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Thursday, October 21, 2004

I'm angry and disappointed.

Just picked up a copy of this week's Globe and found myself seething as I drove home from the library! Wanted to go back and pick up every copy and put them into the trash barrel! Should have asked to see the copy once edited, but felt that the first segment had fared fairly well and it was alright to assume that the rest of the series would do likewise. It's a disaster.

What started out to be a column on the tragedy of withheld respect of a people turned out to be an attack upon Henry J. Kaiser. The intent of the article was lost by the editor's need to fit copy to available space, I'm guessing. Had I thought this might happen, I'd have asked that the column be held back a week. There was no reason to run it at all if 50% had to be "cut to fit." That's about what happened. The entire meaning was eviscerated and what was left made a statement that was not intended. Now I know how real writers feel about their work.

Will talk with the editor later today and ask that the balance of the pieces be pulled unless I have the right to see the edits before publication. There are two more to go. I submitted them all at the same time (error #2).

I'm aware that I've begun to withdraw into myself in anticipation of the upcoming national election. I'm afraid... .

Always in the past I could feel the adrenalin coursing through my veins and by now I'd have my windows rich with signs and my datebook blocked out with polling data and phone banking appointments. Not so this time. I'm quietly in dispair -- and have no idea how to deal with it. I tune in less often to the news -- except for CSPAN -- and worry that, though I've probably contributed more of my meager funds to political campaigns this year than ever before in my life (again to MoveOn.org this morning), I fear that it simply won't be enough to balance off the stampede of the Bush supporters to the polls.

Maybe old age is finally settling in, though I doubt it. Lack of interest in all things political? No. I continue to believe that this is the best country in the world and that we are all essential elements in its greatness. I firmly believe in the democratic process, but this time there are the obvious signs of facism embedded in the mix with its many faces hidden within the climate of greed that has always been evident in our system of capitalism.

I long ago lost faith in organized religions and there seems less and less reason to re-think that position. The current administration's craven use of the faith community to bolster its claim to the black vote is maddening. Watching the simplistic appeal to simplistic religionists while complexity goes unaddressed is frightening. Our lives may well depend upon more than 10 Hail Marys and 5 Our Fathers intoned while fingering a rosary. It will take more than prostrations -- a bow to the East at dawn, or the sprinkling of holy water to get the homeless off the grates of the country or unwanted children out of questionable foster homes and juvenile halls across the land. It will take much more than the burning of a few ceremonial candles to find the cures for HIV-AIDS and/or the one-in-four children now suffering from childhood asthsma and diabetes. And, it will take more than George Bush's "Now I Lay Me Down To Sleep" while on his knees in the Lincoln bedroom to get the guns off the streets of the ghettos and barrios, yes, and from suburban school lockers. It will take more than gregorian chants, the burning of incense, or the lusty rhythmic singing of gospel songs to protect our ports and harbors from a suitcase dirty bomb or anthrax attack.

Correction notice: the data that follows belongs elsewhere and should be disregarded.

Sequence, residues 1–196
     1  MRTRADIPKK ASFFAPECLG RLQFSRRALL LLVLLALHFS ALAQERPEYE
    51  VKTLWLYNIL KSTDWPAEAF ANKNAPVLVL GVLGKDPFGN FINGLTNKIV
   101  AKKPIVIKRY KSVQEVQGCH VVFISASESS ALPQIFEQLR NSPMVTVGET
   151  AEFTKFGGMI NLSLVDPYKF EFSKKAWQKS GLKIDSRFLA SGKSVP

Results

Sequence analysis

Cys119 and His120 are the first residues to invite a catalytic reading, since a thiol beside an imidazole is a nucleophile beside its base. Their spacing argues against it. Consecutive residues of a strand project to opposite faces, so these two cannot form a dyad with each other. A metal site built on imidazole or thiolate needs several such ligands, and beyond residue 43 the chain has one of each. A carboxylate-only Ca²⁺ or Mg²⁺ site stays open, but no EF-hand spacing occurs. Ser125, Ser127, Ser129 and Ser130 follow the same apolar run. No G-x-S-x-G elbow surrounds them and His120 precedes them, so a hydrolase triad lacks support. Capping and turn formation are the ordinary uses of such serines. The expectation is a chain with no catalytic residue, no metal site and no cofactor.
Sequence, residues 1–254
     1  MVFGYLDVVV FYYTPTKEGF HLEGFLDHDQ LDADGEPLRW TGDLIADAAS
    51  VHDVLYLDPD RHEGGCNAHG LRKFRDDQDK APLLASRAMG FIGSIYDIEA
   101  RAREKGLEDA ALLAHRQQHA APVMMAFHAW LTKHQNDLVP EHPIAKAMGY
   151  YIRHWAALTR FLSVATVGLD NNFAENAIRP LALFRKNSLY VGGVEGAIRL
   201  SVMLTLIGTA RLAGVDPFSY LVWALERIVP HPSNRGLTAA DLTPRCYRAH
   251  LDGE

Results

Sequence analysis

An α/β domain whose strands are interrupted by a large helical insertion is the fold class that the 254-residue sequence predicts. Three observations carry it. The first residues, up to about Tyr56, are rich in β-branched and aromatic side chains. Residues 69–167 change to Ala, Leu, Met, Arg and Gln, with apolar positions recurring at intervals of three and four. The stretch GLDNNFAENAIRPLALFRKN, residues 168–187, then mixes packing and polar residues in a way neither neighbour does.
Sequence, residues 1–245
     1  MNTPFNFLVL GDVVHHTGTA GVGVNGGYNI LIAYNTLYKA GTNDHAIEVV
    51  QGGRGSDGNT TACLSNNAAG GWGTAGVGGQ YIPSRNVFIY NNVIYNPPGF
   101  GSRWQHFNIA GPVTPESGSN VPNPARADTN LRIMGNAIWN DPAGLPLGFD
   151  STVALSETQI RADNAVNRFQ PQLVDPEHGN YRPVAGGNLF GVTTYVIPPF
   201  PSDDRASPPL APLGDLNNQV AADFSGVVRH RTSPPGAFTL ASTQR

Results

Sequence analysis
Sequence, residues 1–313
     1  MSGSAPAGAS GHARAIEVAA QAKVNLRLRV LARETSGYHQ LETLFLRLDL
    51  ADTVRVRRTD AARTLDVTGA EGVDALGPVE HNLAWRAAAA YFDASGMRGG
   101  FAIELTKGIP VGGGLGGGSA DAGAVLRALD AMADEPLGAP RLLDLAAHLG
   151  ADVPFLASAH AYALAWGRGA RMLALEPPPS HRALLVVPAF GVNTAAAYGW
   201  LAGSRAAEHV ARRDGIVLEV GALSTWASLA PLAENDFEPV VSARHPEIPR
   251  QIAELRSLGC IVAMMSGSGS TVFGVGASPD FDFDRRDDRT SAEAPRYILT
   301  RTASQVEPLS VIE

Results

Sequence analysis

I guess my deep fear is that -- our leader is clueless about the complexities of life as it is lived in most of the world. I suspect that his measure of an acceptible level of existence is limited to everything within five miles of his ranch in Crawford, Texas!

About Kerry?

The most important things about this man may be that he has a handle on what he doesn't know and an impeccable sense of where he might find some of the answers. I suspect that he is highly intuitive. My guess is that he has enough humility to see himself as only one part of the whole, and that he will seek proper counsel in order to match the challenge of the office of the presidency. That is - if this country has the collective wisdom to elect him to our highest office.

Maybe that's all I demand of this man. The rest is buried in media-speak; gets garbled in "style" and "delivery" and "spin." But I'm gambling on the fact that what we need is there ... to be slowly unearthed in the years to come as he and his cabinet strive to recover a country that we have all but lost to those who would sacrifice this wondrous experiment in governance to greed and an insatiable lust for power.

Too strong? Perhaps. But it's precisely how I'm feeling this morning. I feel better for having choked it up, and maybe now I can get out the tape and hang my signs, and join a phone-banking team tonight. After all, I have a city council member to help to get elected ... .

Wednesday, October 20, 2004

Two new commitments loom large over the next few weeks; both will require at least some minimal preparation. Though I'm finding that as long as I'm not having to deal with acquired knowledge -- but am simply drawing on past experience, I'm okay.

On October 30th I'm scheduled to do a presentation before the California Geneaological Society (in Oakland). That should be fairly easy -- just tuck my binders and vintage photographs under my arm and wing it for an hour or so.